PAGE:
Similarly, a swap to the west may be undone at a later stage after some swaps to the north. This could be avoided by swapping based on the x values (north-south) first and, when x is sorted, sorting on y (east-west). This would also free up some memory on each core given that there would only be one sort index needed at a time (or indeed the points could be moved around in memory removing the need for an index at all).

Skewed Data Sets

This kind of sorting will end up with the point cloud spread out into a square. This is fine if the original data set is also roughly square or at least regularly distributed into a regular sort of shape.

Diagram 1 – Near neighbours stay near.

This distribution probably will not work so well if the point cloud is not regular. Points that are not true near neighbours may end up on the same core and points that are near neighbours may end up on distant cores.

Diagram 2 – Distant points that are not near neighbours get squashed onto the same core(s)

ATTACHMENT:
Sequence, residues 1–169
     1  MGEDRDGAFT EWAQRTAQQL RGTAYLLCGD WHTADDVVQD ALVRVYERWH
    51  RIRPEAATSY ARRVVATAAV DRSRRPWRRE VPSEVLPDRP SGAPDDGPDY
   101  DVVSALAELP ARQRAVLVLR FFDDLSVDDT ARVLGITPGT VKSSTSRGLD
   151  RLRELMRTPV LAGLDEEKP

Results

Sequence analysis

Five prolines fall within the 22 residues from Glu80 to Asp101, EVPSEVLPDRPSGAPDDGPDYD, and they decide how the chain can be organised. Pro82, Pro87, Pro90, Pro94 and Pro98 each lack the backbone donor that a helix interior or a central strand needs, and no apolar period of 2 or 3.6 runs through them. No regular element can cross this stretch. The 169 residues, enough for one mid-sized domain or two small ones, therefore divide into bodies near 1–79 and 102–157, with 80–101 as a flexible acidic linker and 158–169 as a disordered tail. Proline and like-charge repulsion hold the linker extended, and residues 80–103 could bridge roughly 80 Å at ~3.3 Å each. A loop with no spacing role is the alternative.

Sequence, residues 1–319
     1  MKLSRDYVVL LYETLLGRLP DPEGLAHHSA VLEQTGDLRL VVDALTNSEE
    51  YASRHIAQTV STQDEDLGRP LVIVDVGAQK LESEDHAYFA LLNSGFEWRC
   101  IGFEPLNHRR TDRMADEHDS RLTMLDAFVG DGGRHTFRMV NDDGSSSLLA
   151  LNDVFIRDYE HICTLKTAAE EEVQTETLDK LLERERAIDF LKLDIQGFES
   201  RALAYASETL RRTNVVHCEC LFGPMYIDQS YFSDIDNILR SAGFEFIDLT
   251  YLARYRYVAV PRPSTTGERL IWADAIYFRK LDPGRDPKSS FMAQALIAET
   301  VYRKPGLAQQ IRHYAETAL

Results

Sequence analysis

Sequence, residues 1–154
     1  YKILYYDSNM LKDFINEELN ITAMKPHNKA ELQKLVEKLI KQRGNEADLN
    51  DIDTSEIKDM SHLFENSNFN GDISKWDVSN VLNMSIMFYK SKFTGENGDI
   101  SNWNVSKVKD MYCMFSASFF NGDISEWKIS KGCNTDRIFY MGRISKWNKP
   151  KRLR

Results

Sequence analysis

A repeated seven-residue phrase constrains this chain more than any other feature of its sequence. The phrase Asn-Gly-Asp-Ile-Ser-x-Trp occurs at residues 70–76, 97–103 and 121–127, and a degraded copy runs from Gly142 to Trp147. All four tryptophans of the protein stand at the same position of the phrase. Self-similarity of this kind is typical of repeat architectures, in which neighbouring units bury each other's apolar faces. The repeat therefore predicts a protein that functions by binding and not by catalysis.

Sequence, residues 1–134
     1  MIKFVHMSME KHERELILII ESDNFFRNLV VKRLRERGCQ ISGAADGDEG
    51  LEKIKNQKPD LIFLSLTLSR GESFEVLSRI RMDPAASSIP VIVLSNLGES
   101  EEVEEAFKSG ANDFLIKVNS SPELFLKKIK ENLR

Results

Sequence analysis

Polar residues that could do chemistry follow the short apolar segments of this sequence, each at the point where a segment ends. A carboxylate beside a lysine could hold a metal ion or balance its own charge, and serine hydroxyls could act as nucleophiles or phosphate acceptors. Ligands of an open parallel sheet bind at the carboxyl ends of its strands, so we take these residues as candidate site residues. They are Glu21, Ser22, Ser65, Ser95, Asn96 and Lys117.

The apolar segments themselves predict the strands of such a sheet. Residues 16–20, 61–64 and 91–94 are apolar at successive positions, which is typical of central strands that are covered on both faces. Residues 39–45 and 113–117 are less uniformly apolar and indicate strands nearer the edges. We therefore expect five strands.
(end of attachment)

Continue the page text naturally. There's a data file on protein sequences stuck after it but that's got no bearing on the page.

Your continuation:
Diagram 3 – Near neighbours get separated onto distant cores

In this case the user must be aware of the limitations of the sort and the algorithm that uses the sorted data must be robust enough to handle this situation.

Next: Using the sorted data

My next entry will a description of how to Triangulate the sorted points.
Don't hold your breath – the Parallella boards are being shipped and when I get mine, I'll be writing code, not english.

Tuesday, 3 December 2013

Something to play with while we wait.

I've just posted a light weight C++ library that implements a three layer feed-forward back propagation neural network simulator on github. The repository is here:

I developed this version on the pi using the C++ standard library. This is an update of a version that I wrote a couple of years ago and is a very C++ oriented solution. There are classes for links, nodes, layers using templates, multiple inheritance and pretty much every C++ feature I know.

My intention is to use this as a base version and from which I'll develop a version for the parallella when it arrives. The next thing I'll work on is a matrix based implementation along the lines of the design outlined in the two previous posts on this blog.

If you want to download it and have a play please do. I hope my documentation is clear enough to get you started. 

One caveat though. I found github really confusing. If you are not familiar with it, downloading the files and not using git locally is probably the best way to go. Also, please don't post git or github questions - the answer will be "I have NO idea".